FDA Officials Highlight Compliance and Warning Letter Trends

September 15, 2017

CDER’s Office of Manufacturing Quality issued 45 warning letters through Sept. 1 of this year, not counting actions against compounders, according to Francis Godwin, a division director in OMQ.

Data integrity deviations ranked first on a list of recent trends, followed by issues related to the interplay of sponsors and contract manufacturing organizations. Newer trends included suspect supply chain information and weak controls in connection with risky cuts in manufacturing costs.

“If this trend continues, we’ll probably be over 60 warning letters by the end of the year,” Godwin said, in a presentation at the Joint Regulatory Conference of the FDA and the Parenteral Drug Association in Washington, D.C.

The OMQ also issued 25 import alerts, sent four untitled letters and held 21 regulatory meetings with companies this year, he said.

One trend the FDA has seen in its warning letters this year has been a lack of testing performed for toxic contamination. One firm failed to analyze a supplier’s glycerin for the presence of diethylene glycol — also known as antifreeze — which can be cheaper to manufacture and has been the cause of several lethal poisonings worldwide. Glycerin is used as a raw material in multiple drug products.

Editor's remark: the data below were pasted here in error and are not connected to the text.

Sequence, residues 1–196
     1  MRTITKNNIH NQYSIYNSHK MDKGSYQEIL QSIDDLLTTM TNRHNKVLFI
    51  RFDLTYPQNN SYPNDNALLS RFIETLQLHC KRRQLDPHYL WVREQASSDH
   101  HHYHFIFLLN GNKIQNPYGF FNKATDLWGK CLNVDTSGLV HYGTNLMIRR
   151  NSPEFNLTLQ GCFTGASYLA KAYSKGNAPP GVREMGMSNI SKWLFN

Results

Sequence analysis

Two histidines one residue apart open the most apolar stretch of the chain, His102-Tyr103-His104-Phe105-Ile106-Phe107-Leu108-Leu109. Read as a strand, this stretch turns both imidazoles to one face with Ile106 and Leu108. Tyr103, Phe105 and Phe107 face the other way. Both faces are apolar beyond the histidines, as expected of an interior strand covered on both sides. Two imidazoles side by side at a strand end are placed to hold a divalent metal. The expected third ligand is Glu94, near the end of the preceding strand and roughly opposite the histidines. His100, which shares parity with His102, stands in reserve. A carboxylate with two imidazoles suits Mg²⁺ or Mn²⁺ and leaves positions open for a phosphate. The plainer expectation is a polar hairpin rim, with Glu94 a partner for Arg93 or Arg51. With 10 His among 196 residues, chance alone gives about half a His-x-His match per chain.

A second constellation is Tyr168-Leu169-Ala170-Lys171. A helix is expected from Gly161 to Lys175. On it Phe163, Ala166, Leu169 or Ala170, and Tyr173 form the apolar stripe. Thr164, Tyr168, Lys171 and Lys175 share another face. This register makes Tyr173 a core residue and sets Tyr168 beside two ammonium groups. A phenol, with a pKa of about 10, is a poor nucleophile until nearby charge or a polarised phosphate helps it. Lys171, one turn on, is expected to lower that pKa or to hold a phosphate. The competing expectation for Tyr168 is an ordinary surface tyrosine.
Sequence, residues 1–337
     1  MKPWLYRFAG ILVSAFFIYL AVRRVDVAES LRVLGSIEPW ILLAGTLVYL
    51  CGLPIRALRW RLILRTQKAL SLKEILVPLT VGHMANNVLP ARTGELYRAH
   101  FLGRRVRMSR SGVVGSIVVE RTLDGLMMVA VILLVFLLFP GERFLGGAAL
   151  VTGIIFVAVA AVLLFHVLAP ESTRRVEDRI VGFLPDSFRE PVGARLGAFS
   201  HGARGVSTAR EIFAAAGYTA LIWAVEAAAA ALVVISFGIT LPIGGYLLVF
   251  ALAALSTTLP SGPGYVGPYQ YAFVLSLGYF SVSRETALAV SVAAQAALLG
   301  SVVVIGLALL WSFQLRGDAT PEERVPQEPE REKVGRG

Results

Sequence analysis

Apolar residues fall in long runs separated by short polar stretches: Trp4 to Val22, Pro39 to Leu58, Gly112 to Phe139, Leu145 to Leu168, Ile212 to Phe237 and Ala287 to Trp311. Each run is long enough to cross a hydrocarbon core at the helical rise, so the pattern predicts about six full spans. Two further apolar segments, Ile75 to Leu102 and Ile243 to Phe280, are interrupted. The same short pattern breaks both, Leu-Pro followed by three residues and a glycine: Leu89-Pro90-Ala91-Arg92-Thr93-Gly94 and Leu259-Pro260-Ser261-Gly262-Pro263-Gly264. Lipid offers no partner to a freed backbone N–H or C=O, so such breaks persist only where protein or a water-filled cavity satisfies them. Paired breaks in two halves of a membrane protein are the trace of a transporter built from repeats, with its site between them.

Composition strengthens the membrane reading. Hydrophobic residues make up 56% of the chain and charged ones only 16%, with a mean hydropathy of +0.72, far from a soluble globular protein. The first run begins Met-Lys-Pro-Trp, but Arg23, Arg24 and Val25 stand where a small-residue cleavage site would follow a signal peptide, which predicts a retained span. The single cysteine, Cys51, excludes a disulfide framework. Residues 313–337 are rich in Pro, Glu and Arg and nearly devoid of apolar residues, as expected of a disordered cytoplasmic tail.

In addition, FDA guidance recommends validated testing for the contaminant oversulfated chondroitin sulfate, previously seen in Chinese-manufactured crude heparin shipments. The agency recently issued a warning letter to a contract testing lab for failing to establish a suitable OSCS testing system, Godwin said.

Small, overlooked problems can snowball into larger and more dangerous compliance issues, said CBER consumer safety officer Robert McElwain.

One company discovered a leak in an aseptic transfer tube, though the product passed all sterility testing. The firm did not contact CBER until after a lengthy internal investigation, ultimately deciding to reprocess the entire lot after hours of wasted time.

Another company discovered several final product sterility failures, as well as bulk sterility failure, including identifying a single organism in product testing and environmental monitoring. But the company’s management and quality unit described each failure as a separate incident and not part of a larger trend.

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